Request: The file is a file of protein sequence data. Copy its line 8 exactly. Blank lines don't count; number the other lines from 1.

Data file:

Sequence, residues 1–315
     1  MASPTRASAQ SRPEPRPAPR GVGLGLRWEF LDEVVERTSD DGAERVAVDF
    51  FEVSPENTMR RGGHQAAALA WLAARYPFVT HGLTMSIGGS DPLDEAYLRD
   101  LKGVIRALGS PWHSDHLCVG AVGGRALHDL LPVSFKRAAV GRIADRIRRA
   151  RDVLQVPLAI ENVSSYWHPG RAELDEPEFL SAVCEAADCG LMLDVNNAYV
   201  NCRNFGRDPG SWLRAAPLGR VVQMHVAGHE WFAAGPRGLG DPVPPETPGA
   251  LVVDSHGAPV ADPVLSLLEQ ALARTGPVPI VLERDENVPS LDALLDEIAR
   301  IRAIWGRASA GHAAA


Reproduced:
   301  IRAIWGRASA GHAAA